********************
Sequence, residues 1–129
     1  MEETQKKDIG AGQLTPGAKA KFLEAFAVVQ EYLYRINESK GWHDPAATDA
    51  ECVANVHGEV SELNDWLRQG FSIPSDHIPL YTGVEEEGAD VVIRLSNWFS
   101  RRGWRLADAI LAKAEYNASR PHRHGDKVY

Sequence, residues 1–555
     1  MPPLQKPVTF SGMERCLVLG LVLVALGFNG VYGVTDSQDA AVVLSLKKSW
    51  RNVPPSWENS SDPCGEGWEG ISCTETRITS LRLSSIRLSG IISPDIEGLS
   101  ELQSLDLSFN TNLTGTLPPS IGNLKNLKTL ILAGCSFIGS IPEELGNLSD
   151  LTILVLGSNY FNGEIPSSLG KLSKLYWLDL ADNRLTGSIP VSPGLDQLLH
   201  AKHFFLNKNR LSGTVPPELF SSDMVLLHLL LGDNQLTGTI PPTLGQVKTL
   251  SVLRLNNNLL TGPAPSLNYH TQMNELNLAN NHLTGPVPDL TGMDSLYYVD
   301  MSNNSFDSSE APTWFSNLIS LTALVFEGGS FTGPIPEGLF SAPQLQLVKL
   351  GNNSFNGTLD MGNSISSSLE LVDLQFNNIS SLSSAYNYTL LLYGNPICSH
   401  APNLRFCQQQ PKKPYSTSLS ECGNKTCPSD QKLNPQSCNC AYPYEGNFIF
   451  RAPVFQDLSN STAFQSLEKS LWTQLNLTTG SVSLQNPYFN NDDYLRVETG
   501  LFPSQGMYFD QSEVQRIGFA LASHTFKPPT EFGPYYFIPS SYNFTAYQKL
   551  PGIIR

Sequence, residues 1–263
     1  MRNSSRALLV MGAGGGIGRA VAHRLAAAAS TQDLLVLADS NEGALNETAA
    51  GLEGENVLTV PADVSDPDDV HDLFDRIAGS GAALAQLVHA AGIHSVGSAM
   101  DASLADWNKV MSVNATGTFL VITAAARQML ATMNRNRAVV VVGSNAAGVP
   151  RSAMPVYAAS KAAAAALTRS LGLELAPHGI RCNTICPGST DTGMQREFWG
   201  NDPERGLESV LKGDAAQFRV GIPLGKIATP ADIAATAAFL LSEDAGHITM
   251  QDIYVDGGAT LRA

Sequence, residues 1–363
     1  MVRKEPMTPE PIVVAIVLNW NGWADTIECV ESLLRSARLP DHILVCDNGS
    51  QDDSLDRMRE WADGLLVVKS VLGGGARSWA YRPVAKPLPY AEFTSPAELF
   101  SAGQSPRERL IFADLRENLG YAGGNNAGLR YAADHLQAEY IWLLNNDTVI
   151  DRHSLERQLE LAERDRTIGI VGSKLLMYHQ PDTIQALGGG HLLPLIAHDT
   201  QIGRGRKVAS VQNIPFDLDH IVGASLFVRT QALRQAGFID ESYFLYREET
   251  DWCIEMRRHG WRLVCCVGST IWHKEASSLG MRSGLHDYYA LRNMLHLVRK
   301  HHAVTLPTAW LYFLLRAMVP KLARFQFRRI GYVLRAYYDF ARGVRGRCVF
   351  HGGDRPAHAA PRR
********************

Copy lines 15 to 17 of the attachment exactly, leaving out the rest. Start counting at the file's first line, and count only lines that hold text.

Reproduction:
   451  RAPVFQDLSN STAFQSLEKS LWTQLNLTTG SVSLQNPYFN NDDYLRVETG
   501  LFPSQGMYFD QSEVQRIGFA LASHTFKPPT EFGPYYFIPS SYNFTAYQKL
   551  PGIIR